Answer for Matthew 2:23

23 and came and lived in a city called Nazareth. This was to fulfill what was spoken through the prophets: “He shall be called a Nazarene.” (Matthew 2:23, NASB)

Muslims ask about Matthew 2:23 – “where is it written in the prophets that Messiah would be called a Nazarene?”

First, notice it says, “through the prophets” – plural.  So he is speaking of a general concept that is in more than one prophet. “that what was spoken through the prophets, He shall be called a Nazarene” (Matthew 2:23) “Nararene” – a Nazer – נצר – nzr – a rejected branch.  Nazareth was a rejected city in the North, in “Galilee of the Gentiles”; it was rejected by the Jews in the south and around Jerusalem, since it was a Galilean town.  (northern, Gentile, defiled by non-Jews).   “Can anything good come out of Nazareth?” (John 1:46; see also John 7:41 and 7:52)

So, “Nazareth” describes Jesus being rejected by the Jews. Isaiah 14:19 – “like a rejected branch” = כְּנֵצֶר נִתְעָב כ = like נצר =  NZR, Nazer, branch נתעב = rejected, despised Isaiah 11:1 – “then a shoot will spring from the stem of Jesse (father of David); and a branch (Nazer – נצר ) from his roots will bear fruit.” (see rest of Isaiah 11:1-10 – a very Messianic passage in the Jews minds.  This is referred to in Acts 13:22-23; and Isaiah 11:10 is quoted in Romans 15:12)

Isaiah 53:1-3 – concept of rejection, tender shoot, root out of dry ground

Who has believed our message? And to whom has the arm of the Lord been revealed? 2 For He grew up before Him like a tender shoot, And like a root out of parched ground; He has no stately form or majesty That we should look upon Him, Nor appearance that we should be attracted to Him. 3 He was despised and forsaken of men, A man of sorrows and acquainted with grief; And like one from whom men hide their face He was despised, and we did not esteem Him. (Isaiah 53:1-3)

There is another word for the Messiah as a “branch” צמח used often, combined with the concepts of a shoot (of a plant), root, sprout, and despised, shows that Matthew had many passages in mind when he wrote, “as it is spoken through the prophets, He shall be called a Nazarene” = despised, rejected. Jeremiah 23:5 – Messiah will be a righteous branch. (צמח) Jeremiah 33:15 – a righteous branch (צמח )of David will spring forth Isaiah 4:2 – “branch of the Lord”  (צמח) Zechariah 3:8 – “they are a symbol, for behold, I am going to bring in My servant the branch.” (צמח) Zechariah 6:12 – the one whose name is “Branch” (צמח) There are several words for “branch”(צמח is used more often) with root and shoot (Isaiah 53:1-3; 11:1) and “Nezer” (נצר) is not always used in every passage.  But the concept of a branch, with the concepts of “shoot” and “root” and “rejected”; and the concept of being rejected combines all these passages as demonstrating what Matthew 2:23 was referring to.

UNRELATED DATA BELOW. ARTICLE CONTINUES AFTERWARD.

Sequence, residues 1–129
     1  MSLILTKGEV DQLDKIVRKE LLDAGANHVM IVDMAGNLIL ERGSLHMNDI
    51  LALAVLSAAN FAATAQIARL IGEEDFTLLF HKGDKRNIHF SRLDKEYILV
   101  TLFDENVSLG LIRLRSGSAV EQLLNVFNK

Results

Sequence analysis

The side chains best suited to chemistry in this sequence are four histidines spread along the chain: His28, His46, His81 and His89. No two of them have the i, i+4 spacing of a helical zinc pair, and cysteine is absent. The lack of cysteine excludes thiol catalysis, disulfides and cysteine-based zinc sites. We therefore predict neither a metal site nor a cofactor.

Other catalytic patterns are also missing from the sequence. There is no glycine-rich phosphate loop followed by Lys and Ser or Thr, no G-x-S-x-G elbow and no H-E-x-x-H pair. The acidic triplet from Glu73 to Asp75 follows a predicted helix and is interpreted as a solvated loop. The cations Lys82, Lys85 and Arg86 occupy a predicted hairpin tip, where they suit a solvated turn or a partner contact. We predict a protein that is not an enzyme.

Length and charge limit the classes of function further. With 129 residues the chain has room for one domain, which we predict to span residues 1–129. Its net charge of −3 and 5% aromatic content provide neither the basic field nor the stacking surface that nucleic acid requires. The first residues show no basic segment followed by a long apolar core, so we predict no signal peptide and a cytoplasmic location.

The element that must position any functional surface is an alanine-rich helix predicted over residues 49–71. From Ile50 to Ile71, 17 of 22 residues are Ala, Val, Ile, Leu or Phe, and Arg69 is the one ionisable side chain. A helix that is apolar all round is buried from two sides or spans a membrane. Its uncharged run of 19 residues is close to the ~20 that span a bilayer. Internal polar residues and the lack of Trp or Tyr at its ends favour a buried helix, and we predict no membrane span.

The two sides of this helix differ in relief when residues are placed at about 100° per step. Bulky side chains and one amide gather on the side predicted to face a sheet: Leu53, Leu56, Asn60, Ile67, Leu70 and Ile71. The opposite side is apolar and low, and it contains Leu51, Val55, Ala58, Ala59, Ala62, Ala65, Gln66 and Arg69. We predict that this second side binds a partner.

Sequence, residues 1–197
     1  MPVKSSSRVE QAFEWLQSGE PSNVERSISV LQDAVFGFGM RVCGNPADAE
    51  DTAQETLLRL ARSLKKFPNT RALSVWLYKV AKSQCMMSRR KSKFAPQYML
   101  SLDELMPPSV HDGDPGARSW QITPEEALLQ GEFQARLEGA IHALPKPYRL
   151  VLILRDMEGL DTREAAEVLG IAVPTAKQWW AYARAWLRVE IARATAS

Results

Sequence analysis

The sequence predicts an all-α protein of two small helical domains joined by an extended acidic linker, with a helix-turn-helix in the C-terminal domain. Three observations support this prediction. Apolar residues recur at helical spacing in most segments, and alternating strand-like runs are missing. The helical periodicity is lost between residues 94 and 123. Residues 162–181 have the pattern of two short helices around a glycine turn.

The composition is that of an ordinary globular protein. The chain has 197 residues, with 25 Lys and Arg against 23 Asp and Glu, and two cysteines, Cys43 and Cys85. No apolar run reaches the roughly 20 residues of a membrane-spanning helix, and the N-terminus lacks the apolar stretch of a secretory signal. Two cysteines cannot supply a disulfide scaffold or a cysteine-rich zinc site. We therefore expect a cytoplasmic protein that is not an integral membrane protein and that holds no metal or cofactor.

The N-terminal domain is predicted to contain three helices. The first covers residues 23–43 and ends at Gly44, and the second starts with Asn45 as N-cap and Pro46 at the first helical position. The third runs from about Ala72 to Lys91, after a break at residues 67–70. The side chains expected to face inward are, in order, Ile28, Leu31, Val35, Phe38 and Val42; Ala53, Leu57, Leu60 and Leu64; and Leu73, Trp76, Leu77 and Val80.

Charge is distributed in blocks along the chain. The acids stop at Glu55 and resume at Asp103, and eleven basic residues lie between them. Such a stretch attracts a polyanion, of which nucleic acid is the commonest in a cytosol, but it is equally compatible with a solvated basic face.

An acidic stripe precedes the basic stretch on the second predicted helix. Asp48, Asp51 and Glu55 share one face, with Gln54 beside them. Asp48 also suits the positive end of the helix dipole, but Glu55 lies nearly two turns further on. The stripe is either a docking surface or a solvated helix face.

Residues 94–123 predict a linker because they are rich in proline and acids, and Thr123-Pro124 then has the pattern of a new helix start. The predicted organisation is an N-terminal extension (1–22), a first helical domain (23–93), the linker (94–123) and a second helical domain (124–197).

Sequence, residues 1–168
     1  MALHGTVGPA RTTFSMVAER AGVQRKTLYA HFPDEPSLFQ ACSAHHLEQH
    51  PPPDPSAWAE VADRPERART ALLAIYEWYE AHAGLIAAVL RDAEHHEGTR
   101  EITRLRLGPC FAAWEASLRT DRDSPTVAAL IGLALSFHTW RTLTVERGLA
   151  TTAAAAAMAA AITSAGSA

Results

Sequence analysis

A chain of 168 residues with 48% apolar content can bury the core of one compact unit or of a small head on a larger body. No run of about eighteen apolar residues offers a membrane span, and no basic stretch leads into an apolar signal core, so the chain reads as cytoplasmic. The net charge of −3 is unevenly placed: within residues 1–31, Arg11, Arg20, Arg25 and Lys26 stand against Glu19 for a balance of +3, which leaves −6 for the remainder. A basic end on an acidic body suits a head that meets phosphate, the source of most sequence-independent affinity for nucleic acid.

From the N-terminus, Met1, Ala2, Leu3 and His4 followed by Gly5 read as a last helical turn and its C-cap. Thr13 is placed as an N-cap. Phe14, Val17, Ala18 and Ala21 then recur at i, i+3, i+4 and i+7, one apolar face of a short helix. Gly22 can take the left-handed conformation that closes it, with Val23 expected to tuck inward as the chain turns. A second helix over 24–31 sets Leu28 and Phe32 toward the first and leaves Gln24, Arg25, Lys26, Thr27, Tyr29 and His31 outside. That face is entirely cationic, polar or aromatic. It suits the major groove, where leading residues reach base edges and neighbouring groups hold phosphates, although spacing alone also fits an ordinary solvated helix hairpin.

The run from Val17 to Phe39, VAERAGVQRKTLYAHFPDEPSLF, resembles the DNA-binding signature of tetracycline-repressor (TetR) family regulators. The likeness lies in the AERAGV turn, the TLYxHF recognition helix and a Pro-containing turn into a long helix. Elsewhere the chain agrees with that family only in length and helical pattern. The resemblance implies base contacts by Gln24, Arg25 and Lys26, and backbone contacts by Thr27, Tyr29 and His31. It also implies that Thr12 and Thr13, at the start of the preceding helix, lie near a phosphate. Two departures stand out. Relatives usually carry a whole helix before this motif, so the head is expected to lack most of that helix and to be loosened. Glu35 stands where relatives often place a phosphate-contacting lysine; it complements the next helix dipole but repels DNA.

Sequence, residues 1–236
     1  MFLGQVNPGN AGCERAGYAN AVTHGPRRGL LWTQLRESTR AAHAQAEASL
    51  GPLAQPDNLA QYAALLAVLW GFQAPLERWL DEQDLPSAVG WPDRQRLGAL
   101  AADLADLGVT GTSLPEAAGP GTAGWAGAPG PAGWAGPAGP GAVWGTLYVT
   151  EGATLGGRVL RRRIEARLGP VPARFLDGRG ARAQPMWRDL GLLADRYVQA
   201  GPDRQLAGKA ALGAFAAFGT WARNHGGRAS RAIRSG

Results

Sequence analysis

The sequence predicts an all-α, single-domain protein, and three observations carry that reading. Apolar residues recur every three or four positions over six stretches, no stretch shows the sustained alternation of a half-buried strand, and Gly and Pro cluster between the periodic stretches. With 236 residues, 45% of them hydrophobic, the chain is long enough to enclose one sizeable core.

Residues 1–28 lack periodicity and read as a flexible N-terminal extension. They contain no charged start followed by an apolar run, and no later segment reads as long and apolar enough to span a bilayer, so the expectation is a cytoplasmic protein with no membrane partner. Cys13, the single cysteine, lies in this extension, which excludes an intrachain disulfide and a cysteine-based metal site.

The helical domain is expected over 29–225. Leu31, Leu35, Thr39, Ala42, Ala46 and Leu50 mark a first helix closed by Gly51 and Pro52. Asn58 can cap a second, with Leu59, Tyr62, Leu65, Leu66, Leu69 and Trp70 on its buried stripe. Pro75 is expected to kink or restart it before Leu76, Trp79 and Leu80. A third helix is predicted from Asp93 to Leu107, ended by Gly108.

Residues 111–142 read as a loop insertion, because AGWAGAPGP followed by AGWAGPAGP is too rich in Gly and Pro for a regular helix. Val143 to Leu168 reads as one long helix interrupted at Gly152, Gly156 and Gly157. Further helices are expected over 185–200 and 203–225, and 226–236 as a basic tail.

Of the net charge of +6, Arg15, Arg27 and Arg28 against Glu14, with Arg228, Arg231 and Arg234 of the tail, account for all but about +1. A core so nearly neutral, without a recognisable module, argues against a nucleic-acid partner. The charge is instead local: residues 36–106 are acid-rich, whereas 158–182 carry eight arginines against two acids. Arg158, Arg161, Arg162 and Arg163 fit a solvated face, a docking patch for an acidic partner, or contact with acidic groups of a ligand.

Posted in Apologetics, Bible Study, OT Prophecies | 5 Comments

Hebrew Refresh

One of my regrets is that after learning Hebrew and Aramaic in my last year in seminary in 1987-1988 (Columbia International University, Columbia, SC), I did not keep up with it as I should have and I forgot a lot of it.  I even made pretty good grades and enjoyed it; but I confess I have forgotten a lot of it.   I forgot a lot of Greek also, but I have been able to keep up better with NT Greek than with OT Hebrew.  (One of the interesting aspects though, is as I was learning Farsi / Persian, a few years later, I recognized the similarity in some of the words that came from Arabic, because I could see the similarity in Hebrew!  Cool!)